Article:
Expert Takeaways Post PRSA International Conference


“The Spirit of the Revolution” was an apt theme for PRSA’s 2017 International Conference held in early October in Boston. It captures some of the current political and social disruption we are experiencing across our national cultural landscape. And it is this idea of dynamic change that came to mind as I reflected on some of the conversations and presentations taking place in the halls and seminar sessions.

If you weren’t able to make it to the conference — here are some of my “revolutionary” take-aways.

The Convergence of communications disciplines

While this idea is not revolutionary in 2017, it remains a persistent area of discussion for our clients, and was obviously very much top of mind at the conference. I heard a couple of approaches for managing through the various silos of marketing, communications, branding, and sales:

Incremental gains — “one giant leap for mankind” worked for Neil Armstrong in 1969, however in 2017 it is small steps and incremental gains that communicators must take to earn trust, commitment, and a seat at the table;

Use measurement to break through — leverage analytics to identify areas for high-impact cross-discipline investments, test your hypotheses with a pilot project, and then connect the dots to bring meaning and move forward;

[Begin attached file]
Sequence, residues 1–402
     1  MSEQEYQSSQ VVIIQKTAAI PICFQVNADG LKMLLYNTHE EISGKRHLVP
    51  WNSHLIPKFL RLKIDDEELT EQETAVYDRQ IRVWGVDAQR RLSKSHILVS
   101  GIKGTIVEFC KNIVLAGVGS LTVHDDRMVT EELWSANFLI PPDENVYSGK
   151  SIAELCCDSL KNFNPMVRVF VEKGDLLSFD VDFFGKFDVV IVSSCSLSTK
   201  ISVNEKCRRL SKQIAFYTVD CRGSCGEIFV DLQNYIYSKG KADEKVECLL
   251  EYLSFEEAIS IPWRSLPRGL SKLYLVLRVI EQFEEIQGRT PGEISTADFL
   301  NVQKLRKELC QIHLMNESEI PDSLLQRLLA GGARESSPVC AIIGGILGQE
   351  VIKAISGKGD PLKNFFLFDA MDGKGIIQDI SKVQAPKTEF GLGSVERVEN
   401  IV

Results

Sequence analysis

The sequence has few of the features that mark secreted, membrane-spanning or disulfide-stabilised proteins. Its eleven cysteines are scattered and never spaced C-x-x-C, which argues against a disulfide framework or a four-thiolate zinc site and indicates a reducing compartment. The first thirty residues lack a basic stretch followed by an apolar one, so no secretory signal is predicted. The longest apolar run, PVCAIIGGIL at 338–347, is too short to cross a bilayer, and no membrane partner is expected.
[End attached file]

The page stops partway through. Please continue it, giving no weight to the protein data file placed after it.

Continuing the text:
Integrate for impact — understand how public relations can integrate with the sales pipeline inflow;  this is really working with marketing communications and sales in a way that directly connects to business impact.

Finding and using your voice

“Don’t just join. Join in.” This was an intention told through a powerful personal story of a luncheon speaker, Diane Danowski, who turned her experience with cancer into a way to make a difference. It’s not enough, she says, to just be engaged. We must “be engaged and empowered.”

This is a critical distinction, because when we no longer wait for permission, that attitude opens up entirely new paths for seizing opportunity. Being truly authentic at a personal level means that we must “think about what our voice is, and what it can be.”

We are having conversations with clients around how to hone that idea of authenticity to identify a clear voice for a corporate narrative. Contact your Reputation Institute consultant to find out how to look at your reputation data with that point of view. It is a key to driving a proactive and purposeful corporate voice.


  Nicky McHugh
  Vice President and Consulting Director, US
  Reputation Institute

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